July 13, 2016 – Today, the United States Senate voted overwhelmingly to pass the Comprehensive Addiction and Recovery Act (CARA). The Senate vote follows a similar near-unanimous vote in the House of Representatives last week and will send the bill to the President’s desk for his signature. The American Society of Addiction Medicine (ASAM) joins other members of the addiction prevention, treatment and recovery community in celebrating the passage of this important piece of legislation and calls on Congress to fulfill its commitment to fund CARA fully this year.
“ASAM is thrilled to see CARA pass and we look forward to the President signing this bill into law,” said ASAM President, Dr. Jeffrey Goldsmith. “It has been a privilege to be a part of the process as Congress has considered how best to respond to the epidemic of opioid overdoses that has been ravaging our nation, our communities and our families. It’s not a perfect bill, and we still need Congress to act to fund it this year, but it is a major step forward to help promote prevention, expand access to treatment, and enhance crucial recovery support services. With adequate funding, we believe this bill will help save lives.”
CARA is a sweeping bill that came together over the course of several years with input from hundreds of addiction advocates. Its provisions address the full continuum from primary prevention to recovery support, including significant changes to expand access to addiction treatment services and overdose reversal medications. In particular, ASAM applauds the inclusion of these important policy changes:
- Expansion of office-based treatment by allowing nurse practitioners and physician assistants to prescribe buprenorphine for opioid addiction
- Authorization of grants to opioid treatment programs and practitioners who offer office-based medication-assisted treatment to expand access to naloxone through co-prescribing
- Reauthorization of funding for the National All Schedules Prescription Electronic Reporting Act for states to improve or maintain a prescription drug monitoring program (PDMP)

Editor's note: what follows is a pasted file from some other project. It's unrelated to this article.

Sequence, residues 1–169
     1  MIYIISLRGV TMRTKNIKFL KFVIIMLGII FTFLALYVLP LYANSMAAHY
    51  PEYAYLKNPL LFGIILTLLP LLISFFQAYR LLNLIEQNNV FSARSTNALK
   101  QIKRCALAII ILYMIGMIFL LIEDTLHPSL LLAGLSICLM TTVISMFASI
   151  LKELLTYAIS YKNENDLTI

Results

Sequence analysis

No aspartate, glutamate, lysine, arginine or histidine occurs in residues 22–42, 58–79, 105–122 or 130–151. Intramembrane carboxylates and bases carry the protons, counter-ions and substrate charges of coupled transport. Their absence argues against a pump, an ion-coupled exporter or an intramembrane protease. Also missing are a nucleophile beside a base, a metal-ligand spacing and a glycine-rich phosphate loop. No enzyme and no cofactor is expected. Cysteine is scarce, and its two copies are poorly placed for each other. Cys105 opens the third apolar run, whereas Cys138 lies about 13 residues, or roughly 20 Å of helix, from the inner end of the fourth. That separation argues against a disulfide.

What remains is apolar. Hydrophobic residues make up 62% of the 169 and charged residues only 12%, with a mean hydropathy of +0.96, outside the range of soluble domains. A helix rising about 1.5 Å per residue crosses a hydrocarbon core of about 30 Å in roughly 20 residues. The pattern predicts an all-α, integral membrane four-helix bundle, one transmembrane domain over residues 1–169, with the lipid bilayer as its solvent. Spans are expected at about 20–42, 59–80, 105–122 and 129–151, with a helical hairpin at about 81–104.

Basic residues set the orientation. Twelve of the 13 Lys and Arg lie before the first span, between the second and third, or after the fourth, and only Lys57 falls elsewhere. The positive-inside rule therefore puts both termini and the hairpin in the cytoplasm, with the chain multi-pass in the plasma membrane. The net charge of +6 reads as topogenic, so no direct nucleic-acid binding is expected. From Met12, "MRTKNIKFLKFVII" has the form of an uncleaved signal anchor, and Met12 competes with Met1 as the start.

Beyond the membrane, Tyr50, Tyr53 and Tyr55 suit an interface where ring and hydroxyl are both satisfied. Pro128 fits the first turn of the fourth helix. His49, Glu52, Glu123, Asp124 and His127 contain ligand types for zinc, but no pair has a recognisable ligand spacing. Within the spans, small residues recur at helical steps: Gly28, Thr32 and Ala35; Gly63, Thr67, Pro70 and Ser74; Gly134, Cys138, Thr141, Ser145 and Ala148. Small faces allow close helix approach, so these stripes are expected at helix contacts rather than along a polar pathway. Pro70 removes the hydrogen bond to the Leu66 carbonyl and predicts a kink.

- Directing the Secretary of Health and Human Services (HHS) to develop recommendations regarding education programs for opioid prescribers, including which prescribers should participate in such programs and how often participation is necessary
- Authorization of grants to states to expand evidence-based medication-assisted treatment in areas with high rates of opioid and heroin use
- Authorization of grants to state substance abuse agencies to carry out pilot programs for non-residential treatment of pregnant and postpartum women
- Authorization of grants to states to implement integrated opioid abuse response initiatives, including education of medical students, residents and other opioid prescribers, and expanding availability of medication-assisted treatment and behavioral therapy for opioid addiction
- Expansion of the Department of Veterans Affairs (VA) Opioid Safety Initiative, including a requirement that all VA opioid prescribers receive training on pain management and safe opioid prescribing
“Taken together, we believe these policy changes will have a meaningful impact on the opioid epidemic, and we are pleased that Congress was able to come to agreement on such a pressing public health issue for our nation,” said Dr. Kelly Clark, President-elect of ASAM. “However, we won’t realize the full potential of this important bill without the funding necessary to carry out the programs it authorizes. We look forward to continuing to work with Congress this year to make sure adequate funding is made available for CARA to make a difference in the lives of those affected by this devastating disease.”
Highlights of the bill’s provisions for ASAM members can be found here.